Return to traditional tours on IRB agenda
November 11, 2008
IRB chairman Bernard Lapasset was pleased with the results of the meeting © Getty Images
International rugby's key stakeholders are to investigate a possible return to traditional tours in a bid to enhance the "meaning and value" of the problematic June window.
Australia and New Zealand recently warned they would be prepared to scrap future European tours in protest at having to host under-strength touring teams. France have sent shadow squads to Australia and New Zealand over the past two summers because their domestic club competition has not finished until the end of June.
England selected their strongest possible squad for the trip to New Zealand but they were still missing a large number of front-line players, who were in various stages of rehab. Neither Test was sold out. Both Australia and New Zealand are angry that ticket sales and revenues are hit by below-strength touring teams.
A meeting of representatives from the 10 Tier 1 Unions hosted by the International Rugby Board in Heathrow, England on Tuesday, agreed that a return to traditional tours should be investigated as a potential way forward for the June Test match window. There was also agreement to conclude discussions about the integration of Argentina into the Tri-Nations as a matter of urgency.
A statement released by the IRB today said, "In a constructive and frank meeting, representatives of the IRB, the Six Nations and SANZAR countries and Argentina discussed in detail a range of issues affecting the International calendar. A number of ideas were discussed before the meeting arrived at the conclusion that the best way to enhance meaning and value for the problematic June window was through the creation of a modern version of the traditional tour subject to the Woking commitment that the best available teams would tour each year."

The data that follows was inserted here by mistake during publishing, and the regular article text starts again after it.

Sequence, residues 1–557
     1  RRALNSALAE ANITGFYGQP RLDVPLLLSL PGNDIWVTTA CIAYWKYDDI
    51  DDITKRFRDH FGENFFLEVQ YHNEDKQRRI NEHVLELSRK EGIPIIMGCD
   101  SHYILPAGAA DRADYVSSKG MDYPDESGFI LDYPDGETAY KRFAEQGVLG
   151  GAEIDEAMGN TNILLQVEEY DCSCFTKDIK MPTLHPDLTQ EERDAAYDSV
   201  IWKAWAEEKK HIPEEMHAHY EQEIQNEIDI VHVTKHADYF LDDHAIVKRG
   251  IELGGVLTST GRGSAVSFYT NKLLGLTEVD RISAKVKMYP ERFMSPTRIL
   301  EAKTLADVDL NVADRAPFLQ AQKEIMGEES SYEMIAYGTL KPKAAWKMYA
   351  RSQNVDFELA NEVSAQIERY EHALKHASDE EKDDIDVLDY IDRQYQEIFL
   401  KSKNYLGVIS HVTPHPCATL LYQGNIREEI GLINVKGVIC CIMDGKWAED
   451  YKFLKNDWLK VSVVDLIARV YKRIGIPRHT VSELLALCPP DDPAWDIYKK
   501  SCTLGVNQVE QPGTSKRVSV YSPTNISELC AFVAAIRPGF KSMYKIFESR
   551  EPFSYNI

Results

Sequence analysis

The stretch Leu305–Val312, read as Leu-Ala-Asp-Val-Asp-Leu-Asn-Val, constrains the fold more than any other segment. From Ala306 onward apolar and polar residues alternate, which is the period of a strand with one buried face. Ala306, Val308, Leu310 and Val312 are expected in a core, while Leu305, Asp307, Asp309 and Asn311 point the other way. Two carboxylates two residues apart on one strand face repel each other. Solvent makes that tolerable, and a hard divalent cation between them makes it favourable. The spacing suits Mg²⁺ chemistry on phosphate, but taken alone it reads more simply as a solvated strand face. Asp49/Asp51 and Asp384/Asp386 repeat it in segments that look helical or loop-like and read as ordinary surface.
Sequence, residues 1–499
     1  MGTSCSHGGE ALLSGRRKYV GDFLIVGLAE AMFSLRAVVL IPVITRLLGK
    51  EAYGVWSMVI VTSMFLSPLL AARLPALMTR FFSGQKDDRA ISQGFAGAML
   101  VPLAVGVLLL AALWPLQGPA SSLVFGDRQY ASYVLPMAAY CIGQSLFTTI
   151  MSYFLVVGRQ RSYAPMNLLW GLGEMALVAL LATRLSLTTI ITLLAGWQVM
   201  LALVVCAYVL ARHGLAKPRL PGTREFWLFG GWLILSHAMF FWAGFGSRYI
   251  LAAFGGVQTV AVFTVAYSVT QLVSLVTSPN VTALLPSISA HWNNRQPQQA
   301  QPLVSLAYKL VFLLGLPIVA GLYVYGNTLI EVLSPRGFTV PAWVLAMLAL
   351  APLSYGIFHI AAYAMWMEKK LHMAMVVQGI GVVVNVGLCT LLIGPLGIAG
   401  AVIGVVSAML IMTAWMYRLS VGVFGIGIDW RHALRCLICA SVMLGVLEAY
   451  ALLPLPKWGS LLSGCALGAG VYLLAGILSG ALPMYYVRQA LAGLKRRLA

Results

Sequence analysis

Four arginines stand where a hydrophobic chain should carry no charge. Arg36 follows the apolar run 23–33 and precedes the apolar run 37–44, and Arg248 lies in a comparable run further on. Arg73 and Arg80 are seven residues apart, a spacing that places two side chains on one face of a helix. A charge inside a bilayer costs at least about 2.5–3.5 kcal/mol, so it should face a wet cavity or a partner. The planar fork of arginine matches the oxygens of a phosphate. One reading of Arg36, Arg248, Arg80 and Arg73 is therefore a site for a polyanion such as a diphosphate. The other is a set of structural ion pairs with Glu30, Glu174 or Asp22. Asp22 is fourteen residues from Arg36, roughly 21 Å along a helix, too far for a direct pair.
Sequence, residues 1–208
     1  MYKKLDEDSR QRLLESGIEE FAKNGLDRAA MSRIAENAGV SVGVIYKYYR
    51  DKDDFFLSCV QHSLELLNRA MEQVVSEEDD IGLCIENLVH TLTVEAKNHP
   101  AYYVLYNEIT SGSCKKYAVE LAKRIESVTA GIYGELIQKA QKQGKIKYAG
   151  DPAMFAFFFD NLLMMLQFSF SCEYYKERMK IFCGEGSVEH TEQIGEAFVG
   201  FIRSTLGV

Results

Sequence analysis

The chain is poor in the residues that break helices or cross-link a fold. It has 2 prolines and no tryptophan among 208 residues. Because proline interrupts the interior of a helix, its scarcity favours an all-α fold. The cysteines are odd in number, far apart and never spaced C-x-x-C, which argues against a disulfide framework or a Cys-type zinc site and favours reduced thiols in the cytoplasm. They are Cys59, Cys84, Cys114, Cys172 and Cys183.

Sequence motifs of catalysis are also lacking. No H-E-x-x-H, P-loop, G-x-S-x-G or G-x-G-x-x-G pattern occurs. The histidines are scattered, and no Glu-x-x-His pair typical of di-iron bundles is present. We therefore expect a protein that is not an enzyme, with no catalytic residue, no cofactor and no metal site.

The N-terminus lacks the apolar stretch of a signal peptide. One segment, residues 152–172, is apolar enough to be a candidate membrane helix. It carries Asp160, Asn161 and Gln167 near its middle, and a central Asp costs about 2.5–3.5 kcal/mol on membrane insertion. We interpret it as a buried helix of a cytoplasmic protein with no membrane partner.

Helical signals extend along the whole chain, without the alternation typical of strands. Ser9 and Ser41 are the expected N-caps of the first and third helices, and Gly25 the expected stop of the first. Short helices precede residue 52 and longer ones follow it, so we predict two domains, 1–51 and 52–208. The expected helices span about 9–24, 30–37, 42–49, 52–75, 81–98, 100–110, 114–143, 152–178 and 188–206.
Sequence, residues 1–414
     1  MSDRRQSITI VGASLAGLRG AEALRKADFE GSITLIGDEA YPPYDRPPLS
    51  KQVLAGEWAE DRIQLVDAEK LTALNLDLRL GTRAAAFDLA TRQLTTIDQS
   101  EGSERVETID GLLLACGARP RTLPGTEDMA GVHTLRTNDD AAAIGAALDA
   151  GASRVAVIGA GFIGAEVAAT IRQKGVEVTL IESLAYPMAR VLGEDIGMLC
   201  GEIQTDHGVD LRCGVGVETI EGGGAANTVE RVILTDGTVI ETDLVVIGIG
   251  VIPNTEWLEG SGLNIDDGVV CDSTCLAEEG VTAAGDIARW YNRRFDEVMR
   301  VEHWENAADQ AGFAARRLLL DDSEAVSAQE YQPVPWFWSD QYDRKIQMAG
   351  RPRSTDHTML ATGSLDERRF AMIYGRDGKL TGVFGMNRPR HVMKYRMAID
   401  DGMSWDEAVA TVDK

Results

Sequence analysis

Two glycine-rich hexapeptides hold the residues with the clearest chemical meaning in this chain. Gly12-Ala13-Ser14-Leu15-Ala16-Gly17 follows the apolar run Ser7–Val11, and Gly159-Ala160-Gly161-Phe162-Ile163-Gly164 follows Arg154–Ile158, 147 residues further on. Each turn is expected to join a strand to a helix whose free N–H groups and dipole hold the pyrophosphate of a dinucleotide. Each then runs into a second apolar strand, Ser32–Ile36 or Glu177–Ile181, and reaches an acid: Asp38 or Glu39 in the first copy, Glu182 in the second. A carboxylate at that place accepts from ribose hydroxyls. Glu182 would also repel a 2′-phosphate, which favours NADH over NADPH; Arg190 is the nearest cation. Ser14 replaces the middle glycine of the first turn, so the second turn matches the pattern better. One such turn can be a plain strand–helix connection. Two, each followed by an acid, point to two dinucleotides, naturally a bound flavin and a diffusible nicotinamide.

Bernard Lapasset, IRB Chairman said, "The meeting in Heathrow was both constructive and extremely positive and all the delegates demonstrated a clear collective willingness to work together to consider meaningful solutions.
"Building on the outcomes of the historic Global Season Forum at Woking last year, the group asked the IRB to work on three specific opportunities in detail: Tours to the South in the June window; the creation of a Tournament or a series of matches in a Lions year for Unions not involved in the Lions Tour and Argentina's full integration into the Tri Nations.
"The issue of the playing calendar is incredibly complex. It includes the requirements of the clubs, provinces and national Unions, the issue of separate playing seasons in two hemispheres, player welfare requirements, geographical and time zone considerations. Finding solutions that allow for growth, a balanced schedule and the promotion of meaningful matches has been a challenge."
Work on these three issues will begin immediately and will be discussed at upcoming IRB Executive Committee and Council meetings.
* The 10 Tier 1 Unions are: Argentina, Australia, England, France, Ireland, Italy, New Zealand, Scotland, South Africa, Wales